Dumbocracy Now


Written by Daniel Hoffman who gave permission for its use

How democratic is the Constitution? I understand a “democratic” constitution to be one that acknowledges and alleviates inequalities of power. Not content with formally equal rights that many are in no position to exercise, it aims at equal access to the political process, conferring political rights that enhance the prospects of all citizens for a productive, fulfilling life. Political rights include, first, rights to vote and hold office and, second, rights to participate in other ways that can influence who is elected and what they then do.

Our original Constitution was explicitly republican, not democratic. It prioritized liberty and property, not equality. In his keynote address, Edmund Randolph told the Convention that their primary object was to establish barriers against the “excesses of democracy” in the States. Despite democratizing reforms, the Constitution still is significantly undemocratic. Its structure, text and prevailing interpretations perpetuate built-in inequalities of power.

With regard to voting rights and election procedures, the text is undemocratic in several respects. First, there is no explicit fundamental right to vote. The republican form of government obviously depends on regular elections, but the federal system left their regulation, including the grant of suffrage, up to the States. Initially, few could vote. It is estimated that only about 15% of adult white males participated in electing delegates to the conventions that ratified the Constitution.

While suffrage has been expanded by the 15th, 17th, 19th, 24th and 26th Amendments, significant democratic deficits remain. Even with today’s much broader suffrage and the Court’s one person, one vote rule, State control of elections enables gerrymandering, severe ballot access restrictions, obstacles to registration and voting, etc. Moreover, residents of the District of Columbia, Puerto Rico, etc., are denied full representation.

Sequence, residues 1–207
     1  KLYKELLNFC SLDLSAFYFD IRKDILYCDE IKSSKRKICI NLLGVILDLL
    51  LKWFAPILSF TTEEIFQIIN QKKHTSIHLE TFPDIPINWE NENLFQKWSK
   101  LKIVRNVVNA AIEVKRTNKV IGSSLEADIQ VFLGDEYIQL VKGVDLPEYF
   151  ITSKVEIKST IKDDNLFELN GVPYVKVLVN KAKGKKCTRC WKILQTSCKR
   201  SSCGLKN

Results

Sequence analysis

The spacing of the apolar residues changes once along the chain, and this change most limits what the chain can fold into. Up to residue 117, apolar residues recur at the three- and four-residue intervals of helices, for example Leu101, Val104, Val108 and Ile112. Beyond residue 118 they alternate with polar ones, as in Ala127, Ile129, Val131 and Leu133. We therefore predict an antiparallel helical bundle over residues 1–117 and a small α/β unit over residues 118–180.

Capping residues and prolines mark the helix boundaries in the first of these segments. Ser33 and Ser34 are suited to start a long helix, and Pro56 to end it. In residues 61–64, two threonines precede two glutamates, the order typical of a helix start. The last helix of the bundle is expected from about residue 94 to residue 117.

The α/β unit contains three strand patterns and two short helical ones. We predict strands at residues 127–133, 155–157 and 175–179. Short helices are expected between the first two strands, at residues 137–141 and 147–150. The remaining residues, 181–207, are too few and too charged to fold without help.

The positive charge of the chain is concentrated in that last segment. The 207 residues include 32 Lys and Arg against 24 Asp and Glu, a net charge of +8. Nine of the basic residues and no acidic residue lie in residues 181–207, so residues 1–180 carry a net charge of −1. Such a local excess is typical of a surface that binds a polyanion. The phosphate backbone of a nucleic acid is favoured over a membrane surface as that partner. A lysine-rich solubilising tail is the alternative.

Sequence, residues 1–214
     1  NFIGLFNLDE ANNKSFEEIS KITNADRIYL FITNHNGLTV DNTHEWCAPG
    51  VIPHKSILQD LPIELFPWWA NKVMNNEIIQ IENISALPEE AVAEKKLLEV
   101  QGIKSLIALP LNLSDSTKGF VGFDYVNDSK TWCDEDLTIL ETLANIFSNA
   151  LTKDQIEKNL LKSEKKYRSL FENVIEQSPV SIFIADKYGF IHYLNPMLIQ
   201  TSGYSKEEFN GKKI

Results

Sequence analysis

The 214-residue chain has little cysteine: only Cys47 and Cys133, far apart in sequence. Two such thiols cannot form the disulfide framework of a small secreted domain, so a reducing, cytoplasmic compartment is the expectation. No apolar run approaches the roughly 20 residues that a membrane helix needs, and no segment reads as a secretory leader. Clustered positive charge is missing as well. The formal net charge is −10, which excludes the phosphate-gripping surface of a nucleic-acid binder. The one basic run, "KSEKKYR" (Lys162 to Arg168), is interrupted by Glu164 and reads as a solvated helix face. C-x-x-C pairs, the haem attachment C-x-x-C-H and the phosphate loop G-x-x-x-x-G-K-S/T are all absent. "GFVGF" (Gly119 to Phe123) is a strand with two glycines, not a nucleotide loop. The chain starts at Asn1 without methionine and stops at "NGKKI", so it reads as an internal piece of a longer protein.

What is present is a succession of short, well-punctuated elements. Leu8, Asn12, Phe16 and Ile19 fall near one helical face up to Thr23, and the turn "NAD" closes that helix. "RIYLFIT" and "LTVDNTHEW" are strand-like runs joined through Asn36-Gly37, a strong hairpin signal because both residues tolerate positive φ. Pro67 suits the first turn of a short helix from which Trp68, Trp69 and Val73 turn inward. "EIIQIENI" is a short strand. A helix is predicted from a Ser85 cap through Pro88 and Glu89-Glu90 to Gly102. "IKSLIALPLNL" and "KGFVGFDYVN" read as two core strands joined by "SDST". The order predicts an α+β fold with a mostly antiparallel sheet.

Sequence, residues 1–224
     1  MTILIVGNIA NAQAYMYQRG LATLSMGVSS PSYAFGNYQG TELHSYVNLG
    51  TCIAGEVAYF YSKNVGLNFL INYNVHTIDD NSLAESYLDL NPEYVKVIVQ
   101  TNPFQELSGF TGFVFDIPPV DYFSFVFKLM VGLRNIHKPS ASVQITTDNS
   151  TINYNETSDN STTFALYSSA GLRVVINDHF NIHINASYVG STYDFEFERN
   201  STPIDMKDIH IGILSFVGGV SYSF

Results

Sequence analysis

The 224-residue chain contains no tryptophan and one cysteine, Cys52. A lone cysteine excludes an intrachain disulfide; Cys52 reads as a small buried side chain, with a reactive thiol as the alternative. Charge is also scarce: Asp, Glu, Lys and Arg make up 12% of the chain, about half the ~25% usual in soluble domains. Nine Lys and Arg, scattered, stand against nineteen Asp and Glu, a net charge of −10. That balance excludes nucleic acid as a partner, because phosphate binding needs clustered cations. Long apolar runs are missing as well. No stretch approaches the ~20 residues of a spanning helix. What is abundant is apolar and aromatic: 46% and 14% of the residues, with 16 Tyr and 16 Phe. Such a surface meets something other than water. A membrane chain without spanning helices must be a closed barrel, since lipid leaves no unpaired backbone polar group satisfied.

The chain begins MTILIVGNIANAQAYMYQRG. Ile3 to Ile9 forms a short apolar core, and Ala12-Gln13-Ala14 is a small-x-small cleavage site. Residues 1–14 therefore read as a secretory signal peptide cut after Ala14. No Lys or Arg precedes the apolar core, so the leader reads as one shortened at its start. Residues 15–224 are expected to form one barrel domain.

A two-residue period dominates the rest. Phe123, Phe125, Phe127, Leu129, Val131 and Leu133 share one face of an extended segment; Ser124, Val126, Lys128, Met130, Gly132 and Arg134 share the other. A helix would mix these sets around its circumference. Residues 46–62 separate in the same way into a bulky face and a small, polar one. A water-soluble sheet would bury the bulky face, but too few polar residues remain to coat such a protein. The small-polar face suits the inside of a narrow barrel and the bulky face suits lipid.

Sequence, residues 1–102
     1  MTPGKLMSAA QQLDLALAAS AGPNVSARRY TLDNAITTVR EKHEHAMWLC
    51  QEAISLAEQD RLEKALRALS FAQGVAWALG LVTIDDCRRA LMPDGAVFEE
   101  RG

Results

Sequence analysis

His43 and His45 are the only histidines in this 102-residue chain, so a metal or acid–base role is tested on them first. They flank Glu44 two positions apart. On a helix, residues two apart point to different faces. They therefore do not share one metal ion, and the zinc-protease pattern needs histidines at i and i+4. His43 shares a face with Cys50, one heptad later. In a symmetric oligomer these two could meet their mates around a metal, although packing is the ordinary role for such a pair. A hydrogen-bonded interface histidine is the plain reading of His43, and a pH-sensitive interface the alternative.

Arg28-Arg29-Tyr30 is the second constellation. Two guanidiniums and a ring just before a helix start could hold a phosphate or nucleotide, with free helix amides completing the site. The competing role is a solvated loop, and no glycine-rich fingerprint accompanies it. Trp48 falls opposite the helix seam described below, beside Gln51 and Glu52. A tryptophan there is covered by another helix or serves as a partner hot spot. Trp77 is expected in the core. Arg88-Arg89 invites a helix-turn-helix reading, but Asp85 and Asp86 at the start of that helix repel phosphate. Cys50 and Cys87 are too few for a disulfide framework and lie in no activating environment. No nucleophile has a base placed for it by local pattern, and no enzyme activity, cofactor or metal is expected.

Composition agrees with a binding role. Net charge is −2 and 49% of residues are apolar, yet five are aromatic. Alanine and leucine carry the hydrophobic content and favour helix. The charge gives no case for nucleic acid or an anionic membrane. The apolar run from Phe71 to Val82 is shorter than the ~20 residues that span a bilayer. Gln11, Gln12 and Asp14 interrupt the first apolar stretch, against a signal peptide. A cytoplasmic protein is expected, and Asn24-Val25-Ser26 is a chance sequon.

Second, the electoral college and the equal representation of States in the Senate are hugely undemocratic features of the text. Madison once wrote that bicameralism established the Senate to represent “property,” and so it often does.
Third, even if all states and districts were equally represented, the election system is circumscribed and distorted in other ways. Why is representation purely geographical, when citizens’ identities and interests often are not? With single-member districts, a party with very substantial support may gain zero representation. Moreover, elected officeholders have great advantages in seeking reelection, and they have delegated vast powers to appointed officials not accountable to voters. Great influence is also reserved to “private” actors like Rupert Murdoch and Karl Rove, who are not politically accountable.

A fourth explicitly undemocratic feature is judicial review. Courts not only can block legislative attempts at egalitarian reform, but can even blunt the impact of constitutional amendments, as occurred with the 14th Amendment prior to Brown. The Warren Court did take steps toward greater political equality, but the effects have been modest. More recently, the Court has reverted to its typical historical form, weakening the Civil Rights and Voting Rights Acts and even presuming to decide a presidential election by dictating how a State could count ballots (Bush v. Gore).